At FiveThirtyEight today Harry Enton has a piece bearing the title: “The Senate Races With the Biggest Ideological Stakes.” He uses a defensible if not completely compelling methodology to attach an ideological number to the candidates in ten competitive Senate races and then discusses the gap between candidates in any given race as indicating the “ideological stakes” for its outcome.
I suppose this characterization of the ten races is persuasive, though obviously the ideological “stakes” are highest in any race that tips control of the Senate from one party to the other. But what I found most interesting in these numbers (aside from the fact that it documents the already well-established fact of a major gap between the most conservative Democrat and the most liberal Republican) is that there’s no predictable relationship between the competitiveness of the seat and the size of the ideological “gap” between Ds and Rs. The two states with the greatest ideological polarization, Colorado and Iowa, are arguably the most “purple.” This, of course, completely violates the “median voter theory” whereby you expect the two parties in the most competitive areas to oscillate towards the “center.” The states with the third and fourth highest levels of polarization, meanwhile, are deep-red Alaska and Arkansas.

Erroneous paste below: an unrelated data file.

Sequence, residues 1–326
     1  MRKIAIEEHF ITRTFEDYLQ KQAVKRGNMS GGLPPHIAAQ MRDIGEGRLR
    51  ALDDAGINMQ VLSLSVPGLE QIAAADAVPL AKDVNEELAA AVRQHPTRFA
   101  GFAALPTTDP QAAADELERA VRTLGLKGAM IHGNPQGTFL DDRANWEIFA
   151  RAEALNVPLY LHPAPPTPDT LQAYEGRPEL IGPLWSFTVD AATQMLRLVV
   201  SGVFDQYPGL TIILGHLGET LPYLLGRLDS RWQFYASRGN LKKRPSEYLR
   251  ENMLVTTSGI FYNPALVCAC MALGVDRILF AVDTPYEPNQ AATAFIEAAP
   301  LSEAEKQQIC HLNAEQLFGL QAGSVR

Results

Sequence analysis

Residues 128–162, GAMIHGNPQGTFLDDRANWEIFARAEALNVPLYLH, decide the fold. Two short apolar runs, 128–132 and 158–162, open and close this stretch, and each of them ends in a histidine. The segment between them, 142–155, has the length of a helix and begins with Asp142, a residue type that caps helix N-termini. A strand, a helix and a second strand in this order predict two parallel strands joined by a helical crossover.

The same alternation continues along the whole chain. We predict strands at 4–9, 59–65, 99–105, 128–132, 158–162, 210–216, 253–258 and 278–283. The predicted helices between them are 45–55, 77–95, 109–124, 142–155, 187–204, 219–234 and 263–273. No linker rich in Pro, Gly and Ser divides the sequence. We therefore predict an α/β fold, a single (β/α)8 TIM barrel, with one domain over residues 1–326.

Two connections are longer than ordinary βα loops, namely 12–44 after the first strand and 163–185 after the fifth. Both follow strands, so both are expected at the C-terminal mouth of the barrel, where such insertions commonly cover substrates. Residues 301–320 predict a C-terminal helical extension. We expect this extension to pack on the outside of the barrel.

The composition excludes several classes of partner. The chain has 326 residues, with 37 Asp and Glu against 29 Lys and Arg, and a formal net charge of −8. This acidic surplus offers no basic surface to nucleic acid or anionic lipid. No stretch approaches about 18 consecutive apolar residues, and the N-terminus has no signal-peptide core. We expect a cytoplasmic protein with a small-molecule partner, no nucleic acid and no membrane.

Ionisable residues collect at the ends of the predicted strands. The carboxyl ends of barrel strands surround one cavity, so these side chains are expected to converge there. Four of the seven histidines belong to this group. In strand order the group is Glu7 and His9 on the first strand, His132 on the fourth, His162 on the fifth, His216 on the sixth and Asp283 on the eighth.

The only clear trend I see here (in an admittedly small sample) is that it’s increasingly difficult to say there’s not a dime’s worth of difference between the two parties.